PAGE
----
The axially successive expansion elements of the row of such elements cooperate with one another, so that each of them expands on axially adjacent one, with the leading element of the row becoming expanded by an expander portion which is provided at the leading end of the expander rod and which is drawn into the leading element. The number of elements in the row can of V.course be selected at will, for instance in dependence upon the size and/or weight of the patient on whom the operation is to be performed, or upon other factors such as the activities to be performed by the patient. lt might be conceivable to use a single expansion element instead of 'a row of them. However, in such case, the entire outwardly directed force resulting from expansion of the expansion elements and which acts upon the surrounding bone material, would all be concentrated upon a very small area of the bone and would very likely crack the bone. With the arrangement according to the present invention, however, the pressures resulting from expansion are distributed over several areas of the bone which ar-e spaced from one another, so that no particular area is subjected to unduly high pressure and cracking of the bone need not be feared. Moreover, the tubular expansion elements can be permitted to become angularly displaced with reference to the longitudinal axis of the expander rod, so that they can more readily adapt themselves to the contour of the bone channel, that is the channel in the femurwhich, as is well known, is av hollow bone. The channel is usually somewhat curved, and this also militates against the use of a single and rather long expansion element, so that the insertion of a row of shorter expansion elements is much simpler and in many instances is the only manner in which such elements can be inserted at all. The outer diameter of the expansion elements in the unexpanded condition thereof, may` but need not-be so selected as to correspond to the inner diameter of the channel in the bone. Even if this is not the case and the channel is rather large in its diameter as compared to the tubular expansion elements, a reliable anchoring is still obtainable because the indi- 3 vidual elements can thenengage the inner wall bounding the channel, in zig-zag fashion.
When the individual expansion elements are expanded, they each form with respect to the axially pre-` ceding element a step at which they dig into the wall of the bone. These various steps in conjunction with the frictional engagement of the elements against the bone wall, prevent the undesired lowering of the prosthesis into the bone that is the gradual sliding of the prosthesis axially of thefbone with the resultant destruction of the material of the bone. This means that the position of the prosthesis with reference to the femur remains the same, even over a prolonged periodof time and under constant stress. lf the individual expansion elements are so turned with reference to one another, that is angularly offset relative to one another, that their axially extending slots which are provided to facilitate expansion are offset through90 from element to element, the formation of the steps and the distribution of the pressure can be further improved.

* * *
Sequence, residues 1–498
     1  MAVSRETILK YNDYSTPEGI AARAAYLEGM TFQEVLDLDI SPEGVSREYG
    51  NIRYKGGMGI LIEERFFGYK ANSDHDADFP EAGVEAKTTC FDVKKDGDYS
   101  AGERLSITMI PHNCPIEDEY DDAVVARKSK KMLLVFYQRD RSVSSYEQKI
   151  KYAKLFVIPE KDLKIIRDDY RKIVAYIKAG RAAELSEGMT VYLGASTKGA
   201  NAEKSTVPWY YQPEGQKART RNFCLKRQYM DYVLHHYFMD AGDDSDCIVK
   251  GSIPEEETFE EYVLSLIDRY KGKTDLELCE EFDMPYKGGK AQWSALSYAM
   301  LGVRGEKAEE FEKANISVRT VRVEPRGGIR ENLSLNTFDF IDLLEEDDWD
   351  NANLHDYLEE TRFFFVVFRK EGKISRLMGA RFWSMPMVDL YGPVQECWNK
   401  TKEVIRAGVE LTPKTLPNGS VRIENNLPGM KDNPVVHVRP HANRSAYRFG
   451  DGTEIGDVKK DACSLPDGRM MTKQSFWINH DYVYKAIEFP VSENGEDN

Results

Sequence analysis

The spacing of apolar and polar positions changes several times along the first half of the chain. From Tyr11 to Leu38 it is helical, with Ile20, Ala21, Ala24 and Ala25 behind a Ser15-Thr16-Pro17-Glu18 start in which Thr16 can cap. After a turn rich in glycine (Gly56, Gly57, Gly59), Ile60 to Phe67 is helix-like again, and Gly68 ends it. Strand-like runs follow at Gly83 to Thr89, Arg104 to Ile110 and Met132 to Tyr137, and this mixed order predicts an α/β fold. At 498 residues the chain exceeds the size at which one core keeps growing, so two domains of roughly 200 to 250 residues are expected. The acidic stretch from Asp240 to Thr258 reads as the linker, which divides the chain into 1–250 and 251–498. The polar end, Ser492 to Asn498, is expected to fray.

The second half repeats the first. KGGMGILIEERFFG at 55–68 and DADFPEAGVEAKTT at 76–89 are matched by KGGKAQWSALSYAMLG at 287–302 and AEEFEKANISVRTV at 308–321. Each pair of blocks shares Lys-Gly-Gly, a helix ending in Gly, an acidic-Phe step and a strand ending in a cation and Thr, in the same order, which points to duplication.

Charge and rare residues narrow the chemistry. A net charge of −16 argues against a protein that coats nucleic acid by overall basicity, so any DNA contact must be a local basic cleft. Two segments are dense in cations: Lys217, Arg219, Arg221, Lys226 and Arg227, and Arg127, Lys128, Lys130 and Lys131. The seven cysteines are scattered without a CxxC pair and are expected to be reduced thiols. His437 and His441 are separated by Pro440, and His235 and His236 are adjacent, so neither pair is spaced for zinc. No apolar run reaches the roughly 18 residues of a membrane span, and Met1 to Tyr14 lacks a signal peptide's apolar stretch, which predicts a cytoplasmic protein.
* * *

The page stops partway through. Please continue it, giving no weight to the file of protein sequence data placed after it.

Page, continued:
The novel features which are considered as characteristic for the invention are set forth in particular in the appended claims.
The invention itself, however, both as to its construction and its method of operation, together with additional objects and advantages thereof, will be best understood from the following description of specific embodiments when read in connection with the accompanying drawings.
BRIEF DESCRIPTION OF THE DRAWING FIG. l is an axial section through the upper portion of a human femur, showing a hip joint prosthesis ac.
cording to the present invention anchored in the bone; and
FIG` 2 is a fragmentary axial sectional detail view, showing the leading one of the expansion elements of FIG. 1 in expanded condition.
DESCRIPTION OF THE PREFERRED EMBODIMENTS Referring now tothe specific embodiment illustrated in FIGS. l and 2, it will be seen that reference character F designates the femur, that is the tubular bone in which the novel prosthesis is to be anchored. The prosthesis is designated in toto with reference numeral l The trailing end of the element 9b is in turn drawn into the leading end of the next adjacent element 9 which is expanded as a result of this, and this continues from element to element until finally the trailing element 9a is also expanded. j
Each of the elements 9, 9a and 9b is provided with at least one axially extending slot l0 extending from its respective leading towards its trailing end to facilitate the desired expansion. The number and axial length of these slots l0 depend upon the hardness and resistance of the material to spreading of the elements 9, 9a and 9b. If, for instance, titanium is used, which is a material that is widely favored for such surgical insertions but is difficult to work, the simplicity of configuration of the expansion elements and consequently, the simplicity of the manufacture of them, is advantageous. The extent to which the elements 9, 9a and 9b can be angularly displaced with reference to the longitudinal axis of the rod 7 depends upon the difference of the diameter of their central passage ll on the one hand, and the outer diameter of the rod7 on the other hand. Alarge difference provides for a significant angular displaceability and a small difference for a lesser displaceability. The
and has a ball-shaped portion which is to form part of the hip-joint, and a second portion which is to be inserted into the femur F as shown, and which extends from the firstl portion at an angle thereto. The portion 4 is provided with a bore as illustrated, and it has an end face which faces outwardly away from the femur F, and against which the head of a hollow cap nut 6 abuts, the cap nut 6 constituting the actuating means which meshes with external screw'threads on the trailing end of an expander rod 7 to thereby draw the rod outwardly, that is upwardly in FIG. l, to effect expansion of the expansion elements. The leading end of the rod is provided with an expander portion 8 of the illustrated configuration (compare FIGS. 1 and 2).